AD caught up with Kotche and Gray individually to discuss the kaleidoscopic, layered sound of the record and discuss why Brazil — and On Fillmore — maintain special places in their hearts. Those conversations, condensed and edited, presented below.

On Fillmore :: Jornada Inteira

Aquarium Drunkard: What space does On Fillmore occupy for you creatively?

Glenn Kotche: It’s always scratched an itch I don’t really cover in a lot of my other work. It’s just been a great partnership with Darin to just follow our whims. It’s just very different from my composing or even my solo playing, and especially from Wilco. We push each other to not put up any walls and just have open minds. I don’t think On Fillmore feels like anything else I do.

Darin Gray: On Fillmore is definitely not a side project. It’s always there. It seems like we take really long gaps between working together, but actually we don’t. We’ve done film scoring, some commercial work. We always have something on the burner we’re doing. We’ve recorded hours of stuff that hasn’t been released. It occupies a huge part of my mental space. I consider it one of my main things, if not my main outlet at the moment.

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Our weekly two hour show on SIRIUS/XMU, channel 35, can be heard twice every Friday – Noon EST with an encore broadcast at Midnight EST.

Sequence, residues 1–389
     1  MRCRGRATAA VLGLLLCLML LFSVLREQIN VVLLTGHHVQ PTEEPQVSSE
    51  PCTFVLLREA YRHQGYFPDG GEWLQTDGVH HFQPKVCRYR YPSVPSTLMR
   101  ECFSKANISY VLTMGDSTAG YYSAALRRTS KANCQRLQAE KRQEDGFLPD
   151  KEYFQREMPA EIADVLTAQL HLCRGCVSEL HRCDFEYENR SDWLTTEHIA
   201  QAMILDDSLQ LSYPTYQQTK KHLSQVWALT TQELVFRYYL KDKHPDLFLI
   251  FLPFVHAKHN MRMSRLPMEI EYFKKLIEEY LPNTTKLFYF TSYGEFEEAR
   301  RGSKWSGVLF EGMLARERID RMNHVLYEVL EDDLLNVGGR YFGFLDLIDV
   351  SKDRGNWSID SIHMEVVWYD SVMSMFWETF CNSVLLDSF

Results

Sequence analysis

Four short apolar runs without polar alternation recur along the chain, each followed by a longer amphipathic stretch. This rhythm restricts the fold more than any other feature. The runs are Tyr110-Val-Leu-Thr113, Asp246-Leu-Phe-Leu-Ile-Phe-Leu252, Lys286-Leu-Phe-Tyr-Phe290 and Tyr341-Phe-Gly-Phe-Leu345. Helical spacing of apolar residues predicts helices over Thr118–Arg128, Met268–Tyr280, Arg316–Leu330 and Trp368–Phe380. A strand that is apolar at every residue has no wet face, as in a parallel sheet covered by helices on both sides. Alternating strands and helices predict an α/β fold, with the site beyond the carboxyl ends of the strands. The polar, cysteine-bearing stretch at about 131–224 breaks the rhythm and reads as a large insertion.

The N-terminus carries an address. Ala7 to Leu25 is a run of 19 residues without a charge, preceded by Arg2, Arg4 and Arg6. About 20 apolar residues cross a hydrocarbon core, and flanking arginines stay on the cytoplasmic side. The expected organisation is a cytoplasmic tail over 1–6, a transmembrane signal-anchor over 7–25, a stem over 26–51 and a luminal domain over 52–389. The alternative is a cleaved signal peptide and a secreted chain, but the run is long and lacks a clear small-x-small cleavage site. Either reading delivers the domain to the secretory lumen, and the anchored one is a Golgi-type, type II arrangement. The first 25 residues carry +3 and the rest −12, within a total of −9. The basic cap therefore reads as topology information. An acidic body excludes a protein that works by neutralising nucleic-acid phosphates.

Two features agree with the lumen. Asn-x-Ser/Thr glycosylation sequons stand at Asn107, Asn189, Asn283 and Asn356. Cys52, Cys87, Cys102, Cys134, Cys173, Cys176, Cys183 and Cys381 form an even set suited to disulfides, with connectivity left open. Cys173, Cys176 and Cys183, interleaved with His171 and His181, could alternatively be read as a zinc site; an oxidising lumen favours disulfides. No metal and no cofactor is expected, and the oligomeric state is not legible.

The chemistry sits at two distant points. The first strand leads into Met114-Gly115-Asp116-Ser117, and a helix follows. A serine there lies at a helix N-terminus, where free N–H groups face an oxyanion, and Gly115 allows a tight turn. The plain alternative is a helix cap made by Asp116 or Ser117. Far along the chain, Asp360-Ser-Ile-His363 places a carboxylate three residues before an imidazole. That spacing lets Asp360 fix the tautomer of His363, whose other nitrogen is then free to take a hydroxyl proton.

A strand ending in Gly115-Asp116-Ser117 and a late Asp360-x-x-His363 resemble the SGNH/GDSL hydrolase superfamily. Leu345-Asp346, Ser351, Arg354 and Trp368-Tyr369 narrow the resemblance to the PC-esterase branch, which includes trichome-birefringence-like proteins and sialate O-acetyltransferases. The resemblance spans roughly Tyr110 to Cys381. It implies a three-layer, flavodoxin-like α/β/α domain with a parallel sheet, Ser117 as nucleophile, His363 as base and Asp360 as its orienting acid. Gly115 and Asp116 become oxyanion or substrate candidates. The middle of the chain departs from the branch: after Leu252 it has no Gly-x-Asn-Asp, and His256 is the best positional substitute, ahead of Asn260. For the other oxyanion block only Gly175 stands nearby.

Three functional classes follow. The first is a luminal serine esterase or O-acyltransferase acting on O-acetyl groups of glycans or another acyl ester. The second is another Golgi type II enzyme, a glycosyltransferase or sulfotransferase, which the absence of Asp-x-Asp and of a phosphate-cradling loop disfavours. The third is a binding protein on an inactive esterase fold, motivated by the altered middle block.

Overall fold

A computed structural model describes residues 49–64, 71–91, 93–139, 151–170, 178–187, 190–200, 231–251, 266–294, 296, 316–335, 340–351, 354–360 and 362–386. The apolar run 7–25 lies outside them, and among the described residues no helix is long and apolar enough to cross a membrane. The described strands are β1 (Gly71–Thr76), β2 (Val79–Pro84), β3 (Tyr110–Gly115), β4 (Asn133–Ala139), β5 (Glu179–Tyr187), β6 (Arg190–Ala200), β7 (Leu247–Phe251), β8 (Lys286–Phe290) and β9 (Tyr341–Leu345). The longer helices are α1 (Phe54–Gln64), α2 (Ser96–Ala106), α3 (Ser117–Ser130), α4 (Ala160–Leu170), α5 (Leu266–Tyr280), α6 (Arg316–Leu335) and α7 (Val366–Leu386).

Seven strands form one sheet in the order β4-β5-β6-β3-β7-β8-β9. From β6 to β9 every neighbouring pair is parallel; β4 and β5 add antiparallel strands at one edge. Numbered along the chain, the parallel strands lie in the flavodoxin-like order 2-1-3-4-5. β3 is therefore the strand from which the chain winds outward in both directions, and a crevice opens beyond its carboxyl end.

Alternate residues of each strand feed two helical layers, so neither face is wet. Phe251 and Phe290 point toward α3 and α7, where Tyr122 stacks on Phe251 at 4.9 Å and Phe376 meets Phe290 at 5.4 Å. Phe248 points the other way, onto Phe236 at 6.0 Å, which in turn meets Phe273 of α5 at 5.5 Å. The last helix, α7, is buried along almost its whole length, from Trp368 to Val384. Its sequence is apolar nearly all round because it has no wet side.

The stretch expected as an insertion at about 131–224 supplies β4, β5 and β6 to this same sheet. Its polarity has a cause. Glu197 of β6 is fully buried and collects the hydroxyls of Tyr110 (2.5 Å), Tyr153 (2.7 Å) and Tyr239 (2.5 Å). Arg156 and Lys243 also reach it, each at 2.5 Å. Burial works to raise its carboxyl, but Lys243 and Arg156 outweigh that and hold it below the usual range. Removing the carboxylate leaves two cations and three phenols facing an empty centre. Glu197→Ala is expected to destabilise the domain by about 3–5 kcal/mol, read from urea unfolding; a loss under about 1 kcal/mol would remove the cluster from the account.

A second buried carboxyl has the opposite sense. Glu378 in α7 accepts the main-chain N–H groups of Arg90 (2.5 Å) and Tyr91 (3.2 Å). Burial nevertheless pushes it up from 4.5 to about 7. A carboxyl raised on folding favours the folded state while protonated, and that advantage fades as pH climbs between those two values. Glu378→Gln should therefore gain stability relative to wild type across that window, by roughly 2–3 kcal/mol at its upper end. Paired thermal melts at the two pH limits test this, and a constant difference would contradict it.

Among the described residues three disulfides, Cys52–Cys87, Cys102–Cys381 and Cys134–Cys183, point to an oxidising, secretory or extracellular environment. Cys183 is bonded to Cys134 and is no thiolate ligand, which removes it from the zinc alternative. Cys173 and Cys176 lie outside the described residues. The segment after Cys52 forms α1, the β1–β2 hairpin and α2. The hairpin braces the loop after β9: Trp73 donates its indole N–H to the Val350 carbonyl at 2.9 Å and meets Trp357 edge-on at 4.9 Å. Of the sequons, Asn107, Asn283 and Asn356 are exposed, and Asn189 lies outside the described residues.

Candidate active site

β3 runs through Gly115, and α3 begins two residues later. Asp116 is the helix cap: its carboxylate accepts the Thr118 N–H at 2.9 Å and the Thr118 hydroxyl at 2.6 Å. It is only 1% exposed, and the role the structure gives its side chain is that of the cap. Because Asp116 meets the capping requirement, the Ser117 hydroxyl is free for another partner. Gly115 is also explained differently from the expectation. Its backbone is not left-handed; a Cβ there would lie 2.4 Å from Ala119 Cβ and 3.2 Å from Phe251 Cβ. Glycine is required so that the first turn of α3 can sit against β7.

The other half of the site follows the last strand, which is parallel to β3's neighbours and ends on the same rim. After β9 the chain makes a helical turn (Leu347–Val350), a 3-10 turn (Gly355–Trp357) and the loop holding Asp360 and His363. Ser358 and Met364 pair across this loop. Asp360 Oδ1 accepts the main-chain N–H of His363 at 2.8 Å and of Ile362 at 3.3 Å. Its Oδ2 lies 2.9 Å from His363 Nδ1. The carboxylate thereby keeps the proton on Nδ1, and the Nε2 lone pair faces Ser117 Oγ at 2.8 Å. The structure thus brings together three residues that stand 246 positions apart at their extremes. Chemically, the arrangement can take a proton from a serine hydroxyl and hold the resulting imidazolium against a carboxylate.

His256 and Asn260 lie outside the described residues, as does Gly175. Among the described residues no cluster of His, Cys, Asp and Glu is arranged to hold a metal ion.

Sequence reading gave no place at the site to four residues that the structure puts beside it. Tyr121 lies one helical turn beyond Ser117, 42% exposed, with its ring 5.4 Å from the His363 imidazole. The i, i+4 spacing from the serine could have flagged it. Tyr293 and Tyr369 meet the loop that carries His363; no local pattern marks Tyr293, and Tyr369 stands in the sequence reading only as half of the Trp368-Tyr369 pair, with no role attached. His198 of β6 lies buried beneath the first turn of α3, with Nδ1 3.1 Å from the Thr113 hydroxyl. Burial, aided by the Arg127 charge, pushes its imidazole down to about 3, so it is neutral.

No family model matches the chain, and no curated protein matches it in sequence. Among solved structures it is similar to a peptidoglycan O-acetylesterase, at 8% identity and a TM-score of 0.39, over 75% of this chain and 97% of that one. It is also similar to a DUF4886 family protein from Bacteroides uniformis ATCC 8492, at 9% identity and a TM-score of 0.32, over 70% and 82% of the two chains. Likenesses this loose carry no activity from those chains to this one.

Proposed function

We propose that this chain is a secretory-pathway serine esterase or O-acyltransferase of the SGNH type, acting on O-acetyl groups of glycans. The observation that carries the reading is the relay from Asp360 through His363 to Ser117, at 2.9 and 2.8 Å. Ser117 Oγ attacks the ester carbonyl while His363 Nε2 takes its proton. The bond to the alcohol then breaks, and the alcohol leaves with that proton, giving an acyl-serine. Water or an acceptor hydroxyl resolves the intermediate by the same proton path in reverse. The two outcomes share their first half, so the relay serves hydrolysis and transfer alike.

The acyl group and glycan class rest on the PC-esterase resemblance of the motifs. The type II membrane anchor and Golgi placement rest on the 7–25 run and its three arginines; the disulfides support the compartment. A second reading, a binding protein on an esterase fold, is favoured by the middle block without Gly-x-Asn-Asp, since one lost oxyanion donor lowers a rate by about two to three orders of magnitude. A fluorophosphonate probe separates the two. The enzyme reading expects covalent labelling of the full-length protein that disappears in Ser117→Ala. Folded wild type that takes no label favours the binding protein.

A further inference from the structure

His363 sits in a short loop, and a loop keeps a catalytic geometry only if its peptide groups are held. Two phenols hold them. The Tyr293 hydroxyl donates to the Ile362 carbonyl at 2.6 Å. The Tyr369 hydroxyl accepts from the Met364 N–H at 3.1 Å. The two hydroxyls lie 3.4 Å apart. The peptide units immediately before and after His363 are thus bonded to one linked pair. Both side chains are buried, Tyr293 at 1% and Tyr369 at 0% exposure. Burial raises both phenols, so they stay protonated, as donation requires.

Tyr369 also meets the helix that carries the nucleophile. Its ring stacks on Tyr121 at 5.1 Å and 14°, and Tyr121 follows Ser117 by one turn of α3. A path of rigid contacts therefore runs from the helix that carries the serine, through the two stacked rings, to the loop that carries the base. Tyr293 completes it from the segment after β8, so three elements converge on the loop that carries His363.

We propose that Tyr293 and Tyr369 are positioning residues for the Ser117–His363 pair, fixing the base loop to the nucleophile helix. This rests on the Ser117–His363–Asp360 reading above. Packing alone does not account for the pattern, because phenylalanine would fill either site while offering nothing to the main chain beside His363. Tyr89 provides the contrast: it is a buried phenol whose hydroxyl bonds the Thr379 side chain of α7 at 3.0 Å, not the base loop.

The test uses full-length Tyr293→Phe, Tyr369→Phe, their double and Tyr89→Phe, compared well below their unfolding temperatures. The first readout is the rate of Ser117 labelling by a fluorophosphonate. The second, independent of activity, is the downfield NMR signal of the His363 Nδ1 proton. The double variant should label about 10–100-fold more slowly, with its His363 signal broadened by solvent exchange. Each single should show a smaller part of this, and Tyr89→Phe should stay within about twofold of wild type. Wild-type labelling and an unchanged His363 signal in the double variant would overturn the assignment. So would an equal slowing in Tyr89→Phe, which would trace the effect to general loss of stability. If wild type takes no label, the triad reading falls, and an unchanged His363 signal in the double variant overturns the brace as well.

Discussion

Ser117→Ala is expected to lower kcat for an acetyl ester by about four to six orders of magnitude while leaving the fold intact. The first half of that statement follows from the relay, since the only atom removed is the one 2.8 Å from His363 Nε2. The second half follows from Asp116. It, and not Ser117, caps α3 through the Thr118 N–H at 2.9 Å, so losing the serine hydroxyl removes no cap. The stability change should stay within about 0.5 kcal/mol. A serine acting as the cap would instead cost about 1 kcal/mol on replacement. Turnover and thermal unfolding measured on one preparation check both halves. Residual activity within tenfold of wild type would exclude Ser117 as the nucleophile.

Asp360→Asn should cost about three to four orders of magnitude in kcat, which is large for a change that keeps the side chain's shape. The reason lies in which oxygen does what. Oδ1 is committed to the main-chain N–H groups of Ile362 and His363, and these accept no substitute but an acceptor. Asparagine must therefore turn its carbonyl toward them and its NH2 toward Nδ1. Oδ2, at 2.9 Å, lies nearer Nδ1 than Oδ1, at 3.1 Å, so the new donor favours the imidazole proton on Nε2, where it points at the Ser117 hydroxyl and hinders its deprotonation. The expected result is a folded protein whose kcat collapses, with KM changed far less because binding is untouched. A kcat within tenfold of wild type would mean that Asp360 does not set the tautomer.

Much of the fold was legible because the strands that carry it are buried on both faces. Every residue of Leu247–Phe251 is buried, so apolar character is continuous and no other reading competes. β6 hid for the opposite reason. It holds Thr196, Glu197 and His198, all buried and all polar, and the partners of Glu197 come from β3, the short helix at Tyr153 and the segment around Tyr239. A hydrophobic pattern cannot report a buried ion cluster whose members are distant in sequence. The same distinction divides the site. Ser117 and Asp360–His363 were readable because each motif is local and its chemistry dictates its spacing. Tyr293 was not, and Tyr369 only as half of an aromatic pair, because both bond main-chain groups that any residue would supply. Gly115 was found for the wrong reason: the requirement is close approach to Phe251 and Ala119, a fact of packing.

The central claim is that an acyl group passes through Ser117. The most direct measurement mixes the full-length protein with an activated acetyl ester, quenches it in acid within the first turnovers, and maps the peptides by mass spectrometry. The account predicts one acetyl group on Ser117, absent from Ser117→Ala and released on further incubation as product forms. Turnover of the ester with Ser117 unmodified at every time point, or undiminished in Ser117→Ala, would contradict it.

SIRIUS 475: Jean Michel Bernard – Générique Stephane ++ The Buff Medways – Archive From 1959 ++ The Clash – 1977 ++ The Libertines – I Get Along ++ Billy Bragg – New England ++ Pink Mountaintops – Erected ++ The Jon Spencer Blues Explosion – My War (Black Flag) ++ Ty Segall Band – I Bought My Eyes ++ Black Lips – Not A Problem (Live in Tijuana) ++ Iggy Pop – Success ++ Iggy Pop – Dum Dum Boys ++ The Stooges – No Fun (Original John Cale Mix) ++ Green Fuz – Green Fuz ++ Allah-Las – Tell Me What’s On Your Mind ++ The Brian Jonestown Massacre – Servo ++ The Rolling Stones – Citadel ++ The Attack – Mr.Pinnodmy’s Dilemma ++ Harlem – Witchgreens ++ The Almighty Defenders – The Ghost With The Most ++ The Soft Pack – Fences ++ Eddie The Wheel – Nearsayerfive ++ The Art Museums – Sculpture Gardens ++ Takeshi Terauchi – What Have They Done / Venice – 30th Century ++ Beatle-ettes – Only Seventeen ++ Arif Sag – Su Sansunun Evleri ++ Nick Waterhouse – Some Place ++ Peaking Lights – Hey Sparrow ++ Sonny & The Sunsets – Dont Act Dumb (on The Tracks) ++ Buddy Holly – Dearest (version 1) ++ Ty Segall – Bees ++ Julian Lynch – Banana Jam Pt. 1 ++ Wild Nothing – Summer Holiday / The Walkmen – Woe Is Me ++ Air Waves – Knock Out ++ White Noise – Firebird ++ White Fence – Lillian / Kelley Stoltz – I Remember You Were Wild ++ The If Jerry Krusade – Nwantinti Die Die ++ Chocolate Watch Band – Baby Blue ++ Allah-las – Catamaran ++ Dump – Raspberry Beret ++ White Fence – The Mexican Twins ++ Dorothy Masuka – Khauleza ++ Fruit Bats – So Long ++ The Fresh & Onlys – Tropical Island Suite ++ Abner Jay – Depression ++ Unknown Mortal Orchestra – Jello And Juggernauts ++ The Samurai – Fresh Hot Breeze Of Summer ++ Sonny & The Sunsets / Cabezas Cortadas – Teenage Thugs ++ The Love Language – Britney’s Back ++ Fishing – Oooo ++ Black Lips – Time